Seeking shed plans for inaccessible location

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I wish to erect a shed in the corner of my garden.  Two sides of the
shed will be no more than 10 cm from fences.  So I need a means of
erecting a shed from the inside.  The two sides referred to could be
built nearby and slid sideways into position, but the problem is fixing
them to the framework.  Shed base to be not more than 183 cm square.
Any thoughts about where I may find plans for such a shed?

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Re: Seeking shed plans for inaccessible location
Frederick Williams wrote:
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Is it not possible to erect the entire shed remotely, and then
slide then entire thing into place a la Belle Tout Lighthouse?

JGH

Re: Seeking shed plans for inaccessible location
jgharston wrote:
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I shall be working on my own and moving a whole shed--even a small
one--may not be possible.

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Re: Seeking shed plans for inaccessible location
On 17/04/2012 21:34, Frederick Williams wrote:
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I built a 12 x 8 shed, using fairly solid construction (3/4" shiplap on
3x2" framing), in a similar circumstance, and had no difficulty shifting
it with two walls clad and attached to a floor assembly.

This was how close to the boundary it was:

http://www.internode.co.uk/workshop/images/thebase.jpg

Shifted it enough to get behind and clad. Clad, and pushed it back again:

http://www.internode.co.uk/workshop/images/4walls.jpg



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John.

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Re: Seeking shed plans for inaccessible location
jgharston wrote:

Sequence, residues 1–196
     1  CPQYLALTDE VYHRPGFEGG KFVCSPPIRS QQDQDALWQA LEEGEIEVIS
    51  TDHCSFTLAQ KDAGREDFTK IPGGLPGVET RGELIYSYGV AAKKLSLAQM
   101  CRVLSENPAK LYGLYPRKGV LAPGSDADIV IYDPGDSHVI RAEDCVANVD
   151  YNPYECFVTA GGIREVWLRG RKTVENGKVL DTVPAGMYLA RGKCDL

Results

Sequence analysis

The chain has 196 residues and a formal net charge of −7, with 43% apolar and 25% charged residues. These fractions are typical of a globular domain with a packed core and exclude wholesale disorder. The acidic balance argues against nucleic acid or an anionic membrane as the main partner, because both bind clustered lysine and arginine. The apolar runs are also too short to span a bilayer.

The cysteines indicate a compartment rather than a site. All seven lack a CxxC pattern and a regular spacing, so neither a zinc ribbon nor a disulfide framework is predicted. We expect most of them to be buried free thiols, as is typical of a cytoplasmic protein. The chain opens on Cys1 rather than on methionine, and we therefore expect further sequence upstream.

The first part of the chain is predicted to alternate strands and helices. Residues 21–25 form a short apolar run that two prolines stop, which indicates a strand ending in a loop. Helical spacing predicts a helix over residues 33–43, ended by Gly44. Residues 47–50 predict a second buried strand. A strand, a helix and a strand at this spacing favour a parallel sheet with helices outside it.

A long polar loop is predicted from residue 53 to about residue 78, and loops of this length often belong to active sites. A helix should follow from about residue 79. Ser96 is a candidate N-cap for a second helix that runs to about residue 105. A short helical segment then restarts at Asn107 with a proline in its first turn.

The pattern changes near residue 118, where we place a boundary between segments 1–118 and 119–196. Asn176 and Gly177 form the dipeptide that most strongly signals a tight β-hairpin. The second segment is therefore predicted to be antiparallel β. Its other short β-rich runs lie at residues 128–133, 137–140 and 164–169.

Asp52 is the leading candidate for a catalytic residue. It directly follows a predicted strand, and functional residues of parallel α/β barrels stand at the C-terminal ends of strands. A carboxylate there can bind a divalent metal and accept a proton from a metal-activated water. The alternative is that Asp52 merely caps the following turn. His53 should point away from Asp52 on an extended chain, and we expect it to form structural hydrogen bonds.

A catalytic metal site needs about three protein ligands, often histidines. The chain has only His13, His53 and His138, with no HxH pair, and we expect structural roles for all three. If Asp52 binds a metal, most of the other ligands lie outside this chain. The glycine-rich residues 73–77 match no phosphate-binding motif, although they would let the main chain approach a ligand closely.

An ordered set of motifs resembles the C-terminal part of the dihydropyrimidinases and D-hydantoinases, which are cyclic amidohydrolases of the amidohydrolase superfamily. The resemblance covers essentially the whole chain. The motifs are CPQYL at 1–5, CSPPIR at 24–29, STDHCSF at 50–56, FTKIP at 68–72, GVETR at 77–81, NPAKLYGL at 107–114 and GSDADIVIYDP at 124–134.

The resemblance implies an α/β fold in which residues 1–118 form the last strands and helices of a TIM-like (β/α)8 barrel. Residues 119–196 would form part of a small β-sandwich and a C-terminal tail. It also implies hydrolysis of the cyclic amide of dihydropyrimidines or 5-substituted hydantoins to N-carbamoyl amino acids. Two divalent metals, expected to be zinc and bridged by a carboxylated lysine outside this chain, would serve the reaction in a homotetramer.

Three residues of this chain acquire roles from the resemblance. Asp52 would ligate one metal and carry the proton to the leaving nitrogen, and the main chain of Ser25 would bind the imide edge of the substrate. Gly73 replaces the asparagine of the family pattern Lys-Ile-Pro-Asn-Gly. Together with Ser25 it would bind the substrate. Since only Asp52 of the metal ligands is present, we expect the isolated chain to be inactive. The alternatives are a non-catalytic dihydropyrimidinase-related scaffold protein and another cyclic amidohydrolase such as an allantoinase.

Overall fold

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Buy a number of tortoises and wait until they hibernate. Mount the shed
on their shells and put some lettuce in the corner of the garden. When
the tortoises wake up they will see the lettuce and crawl towards it,
taking the shed with them.

Bill

Re: Seeking shed plans for inaccessible location
wrote:

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That's not such a daft idea, in my opinion. Well... not tortoises
exactly, but if I had to build a shed into an awkward corner, I'd be
tempted to build it somewhere easily accessible then roll it into
place on round wooden poles. The round wooden poles become the floor
joists and, once the flooring has been nailed in place, the whole
thing becomes rock solid.

Nick

Re: Seeking shed plans for inaccessible location
Frederick Williams wrote:
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Thanks for the replies.  What dimensions of timber should I use for the
frame, and what timber should I use for the cladding?  (Sorry, I know
nothing about these things.)

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Re: Seeking shed plans for inaccessible location
Frederick Williams wrote:
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And what timber should be used for the floor, what angle should the roof
slope at, and what should the roof be made of and covered in?  

The wood in contact with the hard standing (or whatever the word may be,
it's made of 18" square paving slabs) will get wet when it rains and
stay wet for some time thereafter.  How do I stop it from rotting?

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Re: Seeking shed plans for inaccessible location
On Tue, 17 Apr 2012 22:15:17 +0100, Frederick Williams wrote:

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If you're happy with a non-timber substitute, the resin sheds would be
easy. You can build those from the inside...



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Re: Seeking shed plans for inaccessible location
On 17/04/2012 22:15, Frederick Williams wrote:
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Depends on what you want to spend and how solid you want it to be...

Cheap light commercial sheds will use framing that may be as skimpy as
35mm square, and not much of it, and then 12mm shiplap.

Something like the first workshop I built:

http://www.internode.co.uk/workshop/plans.htm

Detail:

http://www.internode.co.uk/workshop/phase3.htm


Used significantly heavier timber and cladding.

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You could opt for none (i.e. the floor is whatever base its sat on).
However IME 19mm WBP ply makes a decent floor.

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In my design I specced 30 deg, however when I built it, I found 20
looked "right"

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12mm OSB3 is probably a reasonable choice if reasonably well supported.